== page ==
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Gonzalez is the better prospect in the deal and he has a legit major-league arm, but his ultimate future lies in the pen, where he has a 10 percent shot of being, well, A.J. Ramos. His velocity is a bit down in 2017, sitting in the low 90s as opposed to the 93-95 he showed last summer. There’s not much in the way of physical projection left either, as he’s a stocky six foot.
His best secondary is his curve. It’s advanced for his age/level, but still shows an inconsistent shape. He’ll guide it a bit at times and it will be a slurvy, upper-70s thing, but when it’s going well, he can backdoor it or backfoot it to lefties with tight 11-5 break in the low 80s. The changeup is firm at present, and he struggles to turn it over, although it will flash some sink. There is enough stuff here to start through Double-A at least, but I expect his ultimate home is in the pen, and the breaking ball at present is not good enough to project an impact arm there.
Cespedes got a high-six-figure bonus out of the Dominican Republic in 2013. He’s grown off center field already at 19 years old, and while he shows some feel for the barrel, he struggles against better velocity and missed a chunk of 2017 with a leg injury. This is an upside flyer, but I don’t know how much upside is really left there. —Jeffrey Paternostro
|NEW YORK METS
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Acquired RHP A.J. Ramos from Miami Marlins in exchange for RHP Merandy Gonzalez and OF-L Ricardo Cespedes. [7/28]
I suppose the first thing we should ask here is why?
AJ Ramos' reaction when traded to the Mets. "I had to ask, are you sure?"
The Mets aren’t a serious contender to make the playoffs in 2017, and are looking to deal away short-term assets in order to reload a farm system and brace for another run in 2018, when the team is healthier. Specifically, the Mets are looking to deal away one or two relief pitchers, depending on what the rumor mill is churning out about Addison Reed and Jerry Blevins at any given moment. But out-of-contention teams are supposed to trade away short-term relief assets at the deadline, not pick up yet another closer with just 1.5 years of control left.
I have to think the biggest reason “why” is this: Ramos came relatively cheaply. I previously hewed disappointed during the Mets’ last trade, lamenting the fact that pretty good first baseman Lucas Duda brought back an uninspiring return thanks to a flaccid market. Well, the market giveth, and the market taketh away. Ramos is a pretty good eighth- or ninth-inning arm, and the Mets only had to give up two not-so-sure prospects—both of whom might’ve slipped away during the Rule 5 draft this winter—in order to get him. If Ramos remains healthy and roughly as effective as he has been, the Mets should get a year of solid relief performance at perhaps slightly less than market value. And with the team’s lack of bullpen depth, that could make a lot of difference on a team with eyes on a Wild Card spot next season.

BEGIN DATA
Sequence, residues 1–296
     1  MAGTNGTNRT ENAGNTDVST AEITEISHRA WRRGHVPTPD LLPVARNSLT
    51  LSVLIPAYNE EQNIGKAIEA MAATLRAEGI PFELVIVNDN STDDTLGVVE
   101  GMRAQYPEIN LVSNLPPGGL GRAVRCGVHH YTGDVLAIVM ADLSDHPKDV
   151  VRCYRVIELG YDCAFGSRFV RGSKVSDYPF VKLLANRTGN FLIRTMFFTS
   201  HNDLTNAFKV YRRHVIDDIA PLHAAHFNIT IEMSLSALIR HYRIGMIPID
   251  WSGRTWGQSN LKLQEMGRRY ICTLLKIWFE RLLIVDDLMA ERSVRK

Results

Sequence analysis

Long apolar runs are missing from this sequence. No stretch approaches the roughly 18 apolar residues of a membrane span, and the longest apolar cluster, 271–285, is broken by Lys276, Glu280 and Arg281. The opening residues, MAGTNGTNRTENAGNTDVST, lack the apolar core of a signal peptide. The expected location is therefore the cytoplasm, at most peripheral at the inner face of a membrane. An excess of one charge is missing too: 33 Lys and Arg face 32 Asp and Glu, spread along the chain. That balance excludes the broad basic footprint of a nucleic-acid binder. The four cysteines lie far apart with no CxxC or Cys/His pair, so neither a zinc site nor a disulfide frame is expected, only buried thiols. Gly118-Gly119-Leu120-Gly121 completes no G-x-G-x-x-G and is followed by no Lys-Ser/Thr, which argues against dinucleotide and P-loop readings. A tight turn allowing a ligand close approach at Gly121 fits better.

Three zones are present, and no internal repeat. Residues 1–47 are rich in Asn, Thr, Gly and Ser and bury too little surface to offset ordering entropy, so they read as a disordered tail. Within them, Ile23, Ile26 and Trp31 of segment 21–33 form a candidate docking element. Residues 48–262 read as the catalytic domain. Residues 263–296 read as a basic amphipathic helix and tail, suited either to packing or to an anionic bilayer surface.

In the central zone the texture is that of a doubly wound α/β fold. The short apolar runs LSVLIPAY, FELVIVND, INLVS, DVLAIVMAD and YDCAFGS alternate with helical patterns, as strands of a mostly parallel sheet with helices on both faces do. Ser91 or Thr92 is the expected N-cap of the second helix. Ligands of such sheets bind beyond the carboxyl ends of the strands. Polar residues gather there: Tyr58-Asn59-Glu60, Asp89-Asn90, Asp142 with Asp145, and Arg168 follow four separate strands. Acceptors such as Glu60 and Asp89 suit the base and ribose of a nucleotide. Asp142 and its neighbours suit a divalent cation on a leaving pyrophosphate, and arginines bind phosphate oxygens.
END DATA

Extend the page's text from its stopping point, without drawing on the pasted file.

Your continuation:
That’s the other aspect of this deal: the Mets need relief pitching, both in 2017 and 2018. This is a team that aspires to contention, and will require more of a bullpen consisting of Jeurys Familia, Blevins, and a prayer to get by. While 2017 may be a lost cause from a playoff standpoint, the last thing the team wants is to engender further embarrassment by blowing game after game in a post-Reed world. And by the time 2018 kicks off, this Mets team will have healthier starting pitchers and a wealth of hope and expectations. Having at least one more decent reliever to start the season will make a difference. And make no mistake, Ramos is a perfectly acceptable end-of-the-game option.
The difference between Reed’s contract and Ramos’ contract is approximately $1.2 million and one year of control; the difference between their performance is slightly more stark. While Reed spent 2016 as one of the game’s top-five relievers (1.97 ERA, 2.90 DRA), Ramos spent it as a decent end-of-the-bullpen arm (2.81 ERA, 3.06 DRA). While both psaw their overall performance regress a bit in 2017, Reed retains elite control (1.1 BB/9) where Ramos is still searching for the plate (5.0 BB/9). But BP’s DRA metric sees things very differently where an initial ERA or FIP check might indicate much better performance this year by Reed: Ramos’ 3.23 DRA is much better than Reed’s 5.01 DRA.
So in terms of performance to the end of the season, there’s a chance that Ramos may not be much of a downgrade over the team’s incumbent stopper. (In addition, Terry Collins has ridden Reed hard in the past two seasons, with 128 appearances to Ramos’ 107.) While Reed has the likely higher ceiling of the two pitchers, the short-term median performance might not be that different.
The Mets were supposed to trade away a closer, not acquire one. But come next deadline, there’s a pretty good chance the Mets will be in a similar position to the one they’re in right now. If they’re out of contention, they can deal a rental relief ace away and look toward the next season. Ramos likely wouldn’t bring back the return that Reed will, but that’s no big deal; they didn’t break the bank to bring him in. At the same time, if the Mets are healthy and contending—perhaps even true buyers at the mid-2018 deadline—they’ll have an experienced, talented hand to help shore up a bullpen that could certainly use it. Though the Mets may need to punt on this season, next year is far enough away to be alive with hope and potential. —Bryan Grosnick